The First Camping Trip with Baby.

If you were a camper and hiker before the birth of your son or daughter, chances are you can't wait to get back outdoors and share the experiences with your new family member. The most common question related to camping with babies is, 'When is the perfect time to introduce them to camping?'. The answer will be different for everyone depending on their camping experiences and the temperament of their baby. But know that camping with a baby can not only be done, but it can be fun as well! You don't have to cancel memorable yearly family trips once a new family member comes along. Instead, plan to introduce them slowly, but surely, and before you know it, your baby will love being outside and love camping with you!

There are some excellent reference books available for people who want to take their babies along on outdoor adventures, including TheParents' Guide to Hiking & Camping: A Trailside Guide by Alice Cary.
  1. Start out small: Test the waters. Plan a short camping trip an hour or so from home. Stay only a night, maybe two. Plan the trip for the best weather. If you're really nervous, you could try setting up a tent in the backyard and sleeping there for a night.
  2. Pick the perfect campground.  If you are unsure about this whole camping thing, choose a campground that has resources nearby like a grocery store, restaurant or maybe even a hotel just in case you need to make a hasty retreat if necessary.
  3. Dress for success: Be prepared for any weather and bring more clothes than you think you'll need. Your baby will get dirty, but that's part of the fun. Bring a large sun hat for your baby, and keep his limbs covered. Babies under six months should not wear insect repellent , but a large piece of mosquito netting can be draped over a stroller or crib for protection from bugs.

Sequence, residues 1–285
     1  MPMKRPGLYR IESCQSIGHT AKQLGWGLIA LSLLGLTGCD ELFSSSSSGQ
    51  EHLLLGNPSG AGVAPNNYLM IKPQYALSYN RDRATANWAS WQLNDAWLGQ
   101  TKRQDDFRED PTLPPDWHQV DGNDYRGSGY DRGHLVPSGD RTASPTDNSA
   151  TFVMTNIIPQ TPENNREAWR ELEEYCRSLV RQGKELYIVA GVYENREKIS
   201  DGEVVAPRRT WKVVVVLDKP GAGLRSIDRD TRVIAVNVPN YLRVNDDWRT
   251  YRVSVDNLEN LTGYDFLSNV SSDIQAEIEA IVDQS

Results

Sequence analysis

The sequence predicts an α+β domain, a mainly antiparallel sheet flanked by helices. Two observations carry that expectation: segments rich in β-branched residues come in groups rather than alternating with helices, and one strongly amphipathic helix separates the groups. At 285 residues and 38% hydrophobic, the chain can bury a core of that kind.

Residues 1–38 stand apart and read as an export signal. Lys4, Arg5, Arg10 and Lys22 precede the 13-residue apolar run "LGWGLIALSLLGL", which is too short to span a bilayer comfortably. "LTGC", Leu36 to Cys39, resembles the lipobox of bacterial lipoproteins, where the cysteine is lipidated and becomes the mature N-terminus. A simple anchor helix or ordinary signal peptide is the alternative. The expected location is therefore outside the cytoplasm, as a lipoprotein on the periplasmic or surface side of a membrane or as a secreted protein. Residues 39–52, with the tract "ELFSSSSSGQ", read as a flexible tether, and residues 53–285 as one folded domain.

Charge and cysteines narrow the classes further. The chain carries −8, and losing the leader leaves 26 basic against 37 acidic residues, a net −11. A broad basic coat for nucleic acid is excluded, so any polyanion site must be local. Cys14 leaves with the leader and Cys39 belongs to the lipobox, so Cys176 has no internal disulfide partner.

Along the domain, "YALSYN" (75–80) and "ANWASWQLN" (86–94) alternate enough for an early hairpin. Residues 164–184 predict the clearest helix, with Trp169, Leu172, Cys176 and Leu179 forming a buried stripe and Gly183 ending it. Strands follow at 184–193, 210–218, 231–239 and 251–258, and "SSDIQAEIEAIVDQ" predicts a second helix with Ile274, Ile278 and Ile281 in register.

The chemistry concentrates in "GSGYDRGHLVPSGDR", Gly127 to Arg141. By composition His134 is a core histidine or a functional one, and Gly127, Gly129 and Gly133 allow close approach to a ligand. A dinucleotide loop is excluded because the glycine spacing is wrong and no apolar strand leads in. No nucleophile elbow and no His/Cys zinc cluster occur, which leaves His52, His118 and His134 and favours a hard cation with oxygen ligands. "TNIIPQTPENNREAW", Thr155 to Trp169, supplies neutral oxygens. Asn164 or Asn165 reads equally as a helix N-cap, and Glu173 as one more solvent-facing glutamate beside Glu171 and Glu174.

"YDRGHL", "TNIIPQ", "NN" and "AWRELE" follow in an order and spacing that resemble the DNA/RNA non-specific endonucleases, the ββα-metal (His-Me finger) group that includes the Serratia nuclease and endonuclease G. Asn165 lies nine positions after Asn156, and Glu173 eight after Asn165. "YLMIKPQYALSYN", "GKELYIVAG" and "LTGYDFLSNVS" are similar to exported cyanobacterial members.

4. Keep clean: Bring a large plastic tub for baby bath-time. You could use one of the containers you pack supplies in. Empty it and fill with water and voila – instant bathtub! Bring hand sanitizer for yourself and extra wipes.
  5. Prepare meals ahead of time: If you're bottle-feeding, think about using bottle liners for the length of your trip and just boiling the nipples over the camp stove. Premixed formula is much easier than powdered – just be sure to keep the cans cool until you use them. If your baby is eating finger foods, think of bringing some that don't need to be refrigerated. Jars of commercial baby food are an easy and sterile way to provide quick meals. Stick as much as possible to your child’s normal foods.
  6. Think about safety: A basic first aid kit is a must. Make sure it has a baby thermometer, as well as a baby fever reducer and an antibacterial cream.
  7. A good flashlight: A headlamp is not necessary but it can make after-dark chores easier. If your baby uses a night light at home, think about hanging a mini-flashlight in the tent while the baby sleeps. Bring a battery-operated baby monitor; this means you don't have to go to bed at the same time as your baby.
  8. Create a play area: A waterproof blanket or a large tarp under a blanket creates an instant outdoor play area for non-mobile babies. A folding playpen is helpful for a more mobile baby.
  9. Keep moving: Take a baby carrier and get out into the woods. Once the kids are mobile, you'll want to find a campground that has things for them to do, like a playground or a kid-friendly swimming area.
  10. Stay warm at night: Use a firm air mattress to provide a layer of protection from the cold ground. Bundle your baby in a warm sleepsack and a blanket. A toque can keep baby warmer on cool nights, and socks on the hands can double as mittens. Cuddle up next to your baby and you'll be surprised how well you all sleep.
  11. Bring some friends: Having other people along isn't essential, but an extra set of hands can sure be helpful, and might actually give you a chance to relax.
There's no doubt that camping with a baby is hard work. But as you sit by the campfire with your baby cradled in your arms, it will be worth it.

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